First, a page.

Real Madrid manager José Mourinho recently told Sky Italia that he would like to coach in MLS 10 to 15 years from now. "The Special One" is considered one of the best tactical minds in the sport due to countless honors won with Porto, Chelsea and Inter Milan.
But would he fit in this league? MLSsoccer.com editors Matthew Doyle and Simon Borg discuss that, how he would do in a league with a salary cap and if perhaps he'd be a better fit for the US national team.
Doyle: So it looks like “The Special One” is planning to find a special home in Malibu. Eventually. Gotta say, doesn't sound like his heart's in it.
Borg: Absolutely comes across like he's looking at MLS as a post-Europe option. Although he'd bring charisma and personality to the coaching ranks of MLS – even at the age of 60 – I'd question whether his is a brand of soccer that any one team wants to associate with: pragmatic and speculative, but rarely spectacular.
Doyle: Forget the brand of soccer, I'm more chagrined by the attitude. I've seen college kids put more thought into doing junior year abroad than Mourinho did about his "different experience" here in the States. Newsflash to José: If you don't prepare and learn to win within the confines of the cap, MLS will eat you alive. Just ask Ruud Gullit and Bora Milutinovic.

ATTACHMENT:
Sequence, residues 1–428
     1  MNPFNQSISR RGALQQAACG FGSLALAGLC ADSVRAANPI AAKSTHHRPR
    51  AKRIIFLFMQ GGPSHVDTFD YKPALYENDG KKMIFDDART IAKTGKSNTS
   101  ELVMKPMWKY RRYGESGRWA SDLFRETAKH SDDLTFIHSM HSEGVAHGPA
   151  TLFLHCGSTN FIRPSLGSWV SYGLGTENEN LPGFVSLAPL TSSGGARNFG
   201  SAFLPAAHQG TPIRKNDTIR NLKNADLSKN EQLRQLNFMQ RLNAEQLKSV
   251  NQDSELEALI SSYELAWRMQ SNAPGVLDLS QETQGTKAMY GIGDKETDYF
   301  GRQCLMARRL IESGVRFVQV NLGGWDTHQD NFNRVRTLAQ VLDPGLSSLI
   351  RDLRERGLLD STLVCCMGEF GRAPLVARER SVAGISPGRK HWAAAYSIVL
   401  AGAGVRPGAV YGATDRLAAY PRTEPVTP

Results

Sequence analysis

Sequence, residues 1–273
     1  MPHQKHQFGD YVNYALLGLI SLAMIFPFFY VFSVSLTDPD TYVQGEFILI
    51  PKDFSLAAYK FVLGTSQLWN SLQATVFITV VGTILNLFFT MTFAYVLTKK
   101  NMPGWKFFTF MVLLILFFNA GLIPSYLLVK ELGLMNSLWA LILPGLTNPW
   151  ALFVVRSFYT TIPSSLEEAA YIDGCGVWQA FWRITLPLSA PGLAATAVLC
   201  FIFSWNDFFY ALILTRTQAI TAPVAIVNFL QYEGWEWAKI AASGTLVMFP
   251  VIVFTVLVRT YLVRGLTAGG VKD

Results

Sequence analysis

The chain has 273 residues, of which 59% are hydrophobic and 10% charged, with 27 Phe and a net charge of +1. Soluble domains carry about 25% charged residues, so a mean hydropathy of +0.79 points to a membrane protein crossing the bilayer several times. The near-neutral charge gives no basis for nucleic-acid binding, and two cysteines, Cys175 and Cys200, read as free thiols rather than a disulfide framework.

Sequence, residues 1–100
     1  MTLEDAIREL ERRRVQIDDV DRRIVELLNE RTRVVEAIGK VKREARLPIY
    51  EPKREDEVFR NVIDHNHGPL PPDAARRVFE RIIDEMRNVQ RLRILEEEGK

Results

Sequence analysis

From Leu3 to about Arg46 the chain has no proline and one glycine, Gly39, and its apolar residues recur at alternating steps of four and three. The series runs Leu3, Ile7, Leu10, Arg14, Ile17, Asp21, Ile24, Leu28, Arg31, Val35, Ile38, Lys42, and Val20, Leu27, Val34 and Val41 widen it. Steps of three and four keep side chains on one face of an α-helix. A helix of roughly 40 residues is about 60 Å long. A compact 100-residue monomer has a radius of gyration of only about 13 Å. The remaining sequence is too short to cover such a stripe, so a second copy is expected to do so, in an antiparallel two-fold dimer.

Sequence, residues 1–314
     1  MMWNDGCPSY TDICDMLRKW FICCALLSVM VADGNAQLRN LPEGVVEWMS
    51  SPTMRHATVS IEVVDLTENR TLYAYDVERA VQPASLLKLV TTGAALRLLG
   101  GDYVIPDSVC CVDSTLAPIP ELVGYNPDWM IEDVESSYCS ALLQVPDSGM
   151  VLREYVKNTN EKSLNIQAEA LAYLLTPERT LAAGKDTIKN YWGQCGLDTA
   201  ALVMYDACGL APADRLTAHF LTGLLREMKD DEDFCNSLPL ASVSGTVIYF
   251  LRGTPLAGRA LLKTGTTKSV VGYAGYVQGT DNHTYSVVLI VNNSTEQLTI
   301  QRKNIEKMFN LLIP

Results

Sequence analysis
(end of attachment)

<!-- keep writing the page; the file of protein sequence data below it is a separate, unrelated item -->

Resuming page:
[inline_node:327834]Borg: Agreed. Cherry-picking talent from around Europe's top clubs with unlimited budgets is a completely different reality and one that few teams around the world can afford to live by.
However, he is a coach who has clearly shown that his best skills are managing a group of stars, helping them set their egos aside and giving them a blueprint to grind out games.
He did it at Porto, Chelsea, Inter and now Real Madrid, which is why I think he could be a better fit as US national team coach in 10 years. He'd be just what the US could very well need at the time to take another step forward. So no to Mourinho in MLS, yes to his tactical genius with the USMNT.
Doyle: Wow, that's actually a damn good point that I hadn't considered before you mentioned it. Mourinho's managerial style and personality could work a lot better at international level here than at club level.
That pragmatism and willingness to play toward the result is the lifeblood of international soccer everywhere but Brazil, and could be a great way to maximize a talent pool that, in all honesty, still won't be elite a decade from now.
And with the Home Depot Center as the de facto home of the Nats, he'd get to keep his posh Malibu dreamhouse. Hate to say it, Simon, but I think we're in perfect agreement on this one.
Borg: Regardless of whether we believe that he might be looking at MLS as an option when he's done conquering Europe, the fact that he's thinking about American soccer is very telling. It'd be a great media experiment to watch that pan out. Who could we compare him to in US sports? How would the media receive him?
Doyle: Well, the results would determine that. If they held up – if he produced as a USMNT coach the way he has at Chelsea, Inter and Porto – he'd be American soccer's Phil Jackson: undeniably great, undeniably smarmy and undeniably someone you want on your side.
Borg: I can deal with that once a month. Sign him up, Matt.